The Beards of Industry
by France Griggs Sloat
Mel Brooks, move over.
It’s been less than a year since Reid Faylor and Andrew Short started putting their noggins—not to mention their funny bones—together, but the two juniors already have a comedy skit in RooftopComedy’s National College Funny Film Competition. It’s among the funniest four films in the country, which are being showcased at the Aspen RooftopComedy Festival in June, and the Beards of Industry, as Short and Faylor call themselves, are boarding a plane for Denver to see how they stack up.
Since last spring, when the Xavier TV Center asked them to produce short sketchy pieces for Muskie TV, Short and Faylor have produced 16. Another five are in the works. All 16 are posted on YouTube under the Beards of Industry name, which Faylor dreamed up for a high school band competition.
The odd thing about it is that while both Short and Faylor are focused on writing and producing comedy films, both are also serious students. Faylor is a chemical science major and expects to pursue a PhD in organic chemistry. Short is an English and international studies major who plans to earn a PhD as well.
But for now, Faylor has no trouble doing both. Last summer, while working as an intern for his chemistry professor, Faylor studied hours of skit comedy on YouTube while babysitting a molecular experiment. In between sketches, he’d get up to mix a new batch.
For Short, it’s all about the writing. “As soon as I met Reid and we did a show and started writing together, things started working for me. I wanted a writing opportunity. It clicked when we met.”
Faylor and Short have played a number of the characters they invented. In one, Faylor plays a page in Renaissance clothing who appears as a daylong companion in a young man’s apartment and just won’t go away. After a day of fun stuff together, he delivers really bad news in the form of an atom bomb.
It’s called “Danny and the page.” You can watch the video on RooftopComedy.com.
One of Short’s best characters is Satan. He appears as a regular guy, though kind of a bully, except his face is painted red and his voice is distorted. In one film, he’s interviewing a young man for a job when someone starts screaming. It sounds like he’s being tortured to death. The job applicant looks frightened, and Satan, er Short, says, “Oh. Yeah. Timing, right?”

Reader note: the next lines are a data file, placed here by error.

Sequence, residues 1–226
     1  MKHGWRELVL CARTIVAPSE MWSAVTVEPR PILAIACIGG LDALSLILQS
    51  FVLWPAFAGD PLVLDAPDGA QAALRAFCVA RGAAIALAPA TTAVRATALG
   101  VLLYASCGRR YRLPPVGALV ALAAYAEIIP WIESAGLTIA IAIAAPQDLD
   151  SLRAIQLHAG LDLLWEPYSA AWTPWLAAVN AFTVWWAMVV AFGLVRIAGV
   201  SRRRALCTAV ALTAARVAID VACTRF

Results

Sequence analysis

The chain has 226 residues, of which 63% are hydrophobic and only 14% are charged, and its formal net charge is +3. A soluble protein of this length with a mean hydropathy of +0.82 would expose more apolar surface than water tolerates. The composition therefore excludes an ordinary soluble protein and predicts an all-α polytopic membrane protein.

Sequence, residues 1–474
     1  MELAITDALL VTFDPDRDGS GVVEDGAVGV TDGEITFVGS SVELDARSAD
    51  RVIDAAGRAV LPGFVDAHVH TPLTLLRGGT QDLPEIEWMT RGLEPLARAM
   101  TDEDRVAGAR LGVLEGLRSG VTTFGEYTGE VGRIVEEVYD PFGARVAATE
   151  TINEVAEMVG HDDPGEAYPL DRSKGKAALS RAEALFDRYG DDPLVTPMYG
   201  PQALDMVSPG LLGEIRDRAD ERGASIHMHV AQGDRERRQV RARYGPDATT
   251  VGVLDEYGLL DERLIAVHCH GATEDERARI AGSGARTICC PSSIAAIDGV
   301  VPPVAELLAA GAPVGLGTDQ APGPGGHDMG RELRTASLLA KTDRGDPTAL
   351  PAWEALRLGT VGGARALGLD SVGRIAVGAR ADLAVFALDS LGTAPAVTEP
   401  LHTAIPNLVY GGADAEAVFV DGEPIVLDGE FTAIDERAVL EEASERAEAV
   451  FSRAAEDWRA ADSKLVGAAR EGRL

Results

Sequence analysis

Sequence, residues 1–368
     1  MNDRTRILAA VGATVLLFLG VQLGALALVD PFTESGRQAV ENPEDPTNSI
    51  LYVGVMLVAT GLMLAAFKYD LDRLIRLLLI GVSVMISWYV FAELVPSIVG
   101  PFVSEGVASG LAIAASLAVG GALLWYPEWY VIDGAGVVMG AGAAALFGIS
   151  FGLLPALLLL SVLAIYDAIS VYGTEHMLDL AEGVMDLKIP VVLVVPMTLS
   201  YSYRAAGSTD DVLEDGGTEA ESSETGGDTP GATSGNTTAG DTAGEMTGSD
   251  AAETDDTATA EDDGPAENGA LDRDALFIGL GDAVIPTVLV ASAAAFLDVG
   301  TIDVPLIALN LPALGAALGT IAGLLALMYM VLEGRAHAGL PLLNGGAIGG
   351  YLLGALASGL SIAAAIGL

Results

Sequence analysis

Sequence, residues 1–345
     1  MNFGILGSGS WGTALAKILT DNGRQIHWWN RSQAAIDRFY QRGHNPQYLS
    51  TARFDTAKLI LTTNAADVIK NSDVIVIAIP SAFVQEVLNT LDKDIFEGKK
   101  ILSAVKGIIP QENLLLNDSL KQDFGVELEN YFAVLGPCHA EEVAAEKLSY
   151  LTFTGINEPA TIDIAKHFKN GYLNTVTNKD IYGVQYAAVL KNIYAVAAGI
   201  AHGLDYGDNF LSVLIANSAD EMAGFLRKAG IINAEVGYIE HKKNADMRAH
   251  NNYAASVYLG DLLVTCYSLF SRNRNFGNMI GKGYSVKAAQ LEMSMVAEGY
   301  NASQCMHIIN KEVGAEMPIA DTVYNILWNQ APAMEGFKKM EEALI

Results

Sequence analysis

And Short’s timing is, of course, perfect. Which is why it’s funny.
But these fellows work at being funny. They shun the shallow, easy college jokes that focus on sexual or bathroom humor, and go instead for abstract humor and social commentary.
“We’re trying to convey something intentionally confusing,” Faylor says. “It’s an odd focus with the 1930s Industrial Revolution—black and white and grainy, washed-out colors. It has an outdated, old, grimy feel to it. We want to break some of the tradition in comedy today.”
“Making a joke about Paris Hilton takes no imagination at all,” adds Short. “It’s so easy to stand up and make a sex joke, but it doesn’t take any thought or engage people. We’re trying to engage people.”
Cathy Springfield, director for Xavier’s theater program, says what Short and Faylor are doing exemplifies the value of theater at Xavier. Because theater is only a minor, students from any discipline can explore their creative talents through the Xavier Players theater group and other venues such as the TV Center.
“All our students are non-theater majors,” Springfield says. “Theater and its ancillaries like video and stand-up comedy stand at a crossroads of all these disciplines—history, literature, performance. It’s a creative way to express what they’re studying. Some kids just find a niche, and they can do it all—write and direct and produce. Our core is broad, and they can get their feet wet.”
Beards of Industry’s videos are shown on Muskie TV for about two weeks, until the next one is ready for airing. That means Short and Faylor are constantly brainstorming new ideas and writing them down. They spend a lot of time perfecting their skits, then they pull together friends to act out the scenes and videographers to film them.
In March, they submitted four of their videos to the RooftopComedy college competition. All made it through the first round of voting out of more than 200 entries. Since then, two were voted among the best 24 and “Danny and the Page” survived two more rounds of cuts and is among the final four being judged by industry experts in Aspen in June.
But Short and Faylor aren’t resting on their laurels—or beards either. They’re busy filming “Dr. Incredulous,” in which Short plays a man who gains superpowers and tries to blackmail his boss into giving him a raise. Except, the sum he’s demanding is a meager $175 “every two weeks or so,” and when the boss offers a steady job at higher pay, Short yells “Silence!”
“We usually do a blown-up unexpected exaggeration of a human experience or relationship,” Short says. “If 10 people watch our sketches and two think it’s funny, that’s OK. It’s anti-comedy.”